There is been a lot of uproar advocating that the popular vote should elect the US President. That’s not what happened in 2016. In fact, that has never happened. Lets look at the story the election results show.
This time around Hillary Clinton got almost 3 million more votes than Donald Trump. Clinton won 22 states including the District of Columbia while Trump won 30 states. The 306 electoral college votes he accumulated from those 30 states gave Trump the Winning margin. What about those 3 million voters where did they come from and why don’t they count?
The electoral college is actually an ingenious system designed to protect the franchise of unaware citizens. These citizens who are just going about their lives, caring for a family, or working to pay the bills. The electoral college protects the non-voter the ones who choose to abstain.
Here is how it happens. Every 10 years we do a census. The electoral college votes are allocated to each state in proportion to their population. The voters in each state who DO turn out to vote represents everyone else in that state who DON’T. Its a fair method to represent a states electoral college votes.
A popular vote amendment begs the question. Why should some states whose voters have the passion to vote out-weight another state whose voters may not get to the polling booth for any variety of reasons?
Our analysis shows that Hillary Clinton got a 62.7% average turnout in states that she won. Donald trump got an average turnout of 59% in states that he won. The following tables tell the tale. We have provided the source data below should you want to do the calculations yourself.
The 10 lowest turnout rates
Trump won 3 of 4 low turnout states and 7 of the 10 lowest turnouts. Hawaii’s lowest turnout suggests that citizens there may not have had any passion for who won. Many voters in these states might also have thought their candidate would win whether they turned out or not. The 7 states in this list who polled red for Trump are the ones he ended up winning.
The 10 highest turnout rates were:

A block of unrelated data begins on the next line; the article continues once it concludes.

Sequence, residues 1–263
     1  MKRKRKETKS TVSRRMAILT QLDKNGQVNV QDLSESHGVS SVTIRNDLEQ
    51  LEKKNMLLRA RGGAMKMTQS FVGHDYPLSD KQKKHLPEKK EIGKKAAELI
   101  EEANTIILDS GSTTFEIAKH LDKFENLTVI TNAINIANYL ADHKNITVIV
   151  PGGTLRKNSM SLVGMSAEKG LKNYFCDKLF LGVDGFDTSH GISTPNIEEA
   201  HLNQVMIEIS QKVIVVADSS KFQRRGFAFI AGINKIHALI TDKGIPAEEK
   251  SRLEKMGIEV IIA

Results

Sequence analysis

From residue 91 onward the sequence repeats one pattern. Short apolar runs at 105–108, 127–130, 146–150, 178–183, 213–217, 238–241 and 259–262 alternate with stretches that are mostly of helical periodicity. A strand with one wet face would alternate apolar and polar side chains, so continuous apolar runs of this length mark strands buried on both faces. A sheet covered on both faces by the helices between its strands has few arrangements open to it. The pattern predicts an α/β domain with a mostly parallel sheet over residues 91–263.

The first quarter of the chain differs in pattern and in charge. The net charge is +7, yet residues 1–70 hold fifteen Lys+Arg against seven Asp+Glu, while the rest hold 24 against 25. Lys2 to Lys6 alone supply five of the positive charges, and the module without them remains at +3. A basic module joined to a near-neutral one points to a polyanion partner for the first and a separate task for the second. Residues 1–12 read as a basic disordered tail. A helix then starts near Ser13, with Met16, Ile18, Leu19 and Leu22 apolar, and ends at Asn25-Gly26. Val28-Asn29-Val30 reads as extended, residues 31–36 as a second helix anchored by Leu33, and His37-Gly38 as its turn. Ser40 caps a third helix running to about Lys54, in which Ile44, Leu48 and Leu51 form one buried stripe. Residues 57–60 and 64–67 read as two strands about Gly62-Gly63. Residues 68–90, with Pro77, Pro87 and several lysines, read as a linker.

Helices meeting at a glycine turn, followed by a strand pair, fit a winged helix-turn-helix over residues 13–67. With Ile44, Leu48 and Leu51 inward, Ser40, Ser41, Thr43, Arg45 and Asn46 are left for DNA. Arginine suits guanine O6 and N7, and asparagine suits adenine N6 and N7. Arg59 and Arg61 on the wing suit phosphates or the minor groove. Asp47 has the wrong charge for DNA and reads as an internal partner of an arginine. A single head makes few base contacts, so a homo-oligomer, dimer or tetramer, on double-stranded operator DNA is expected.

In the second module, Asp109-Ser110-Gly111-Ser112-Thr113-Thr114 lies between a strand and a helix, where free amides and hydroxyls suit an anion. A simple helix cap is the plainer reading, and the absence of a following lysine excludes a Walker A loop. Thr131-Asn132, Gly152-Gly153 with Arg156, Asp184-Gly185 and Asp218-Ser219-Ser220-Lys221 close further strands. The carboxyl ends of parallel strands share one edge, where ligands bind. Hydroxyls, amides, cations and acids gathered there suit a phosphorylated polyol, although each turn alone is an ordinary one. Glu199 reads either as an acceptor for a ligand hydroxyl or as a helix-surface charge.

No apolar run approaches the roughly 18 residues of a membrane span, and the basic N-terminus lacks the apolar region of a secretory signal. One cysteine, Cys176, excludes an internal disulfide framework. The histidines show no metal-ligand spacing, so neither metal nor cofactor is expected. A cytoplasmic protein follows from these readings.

Clinton won the top 4 highest turnout states. She also won 8 or the top 10 turnout states. 5 of the top 10 were battleground states while the others polled blue for Clinton. Trump won one of these battlegrounds and the Wisconsin surprise.
The bottom line here is that more voters, 63% on average, turned out for Clinton in states that she won. Its out of proportion to the 59% on average voters who turned out for Trump in states that he won. Simply put, a national popular vote selection of US President would disenfranchise the non-voting citizens in low turnout states.
This design is what the US founding fathers implemented to keep together a federation of states. States are autonomous with exceptions of federal oversight in cases like interstate commerce. A centralized federal government may eventually tend towards dictatorship and then evolve back to monarchy. This is one of the things the constitutional writers wanted to avoid.
A constitutional amendment to use the popular vote to select the US president would tend to dissolve the independence of states. A state’s allocation of congressmen is assigned in the same way as electoral college votes and no-one is calling that into question. One possible outcome maybe the breakup of the US federation.
In this 2016 election cycle some Anti-Trump protesters in California called for the state to break away and form its own nation. Some futurists and social scientists have suggested that a set of West Coast states may coalesce into an independent federation that could include Mexico. For example here is a look at the 11 Nations or Cultures of the United States published by Washington Post and Business Insider.
Lets do away with this call for a popular vote amendment. The system works well the way it was designed. Most of all be careful what you wish for… It just might happen…
- Micheal McDonald’s 2016 General Election turnout rates
- Simon Rogers’ US election 2016: How to download county-level results data
- Downloadable Google Spreadsheet with merged information from both sources. Used as a basis for this article.
- Business Insider 11 Nations of the USA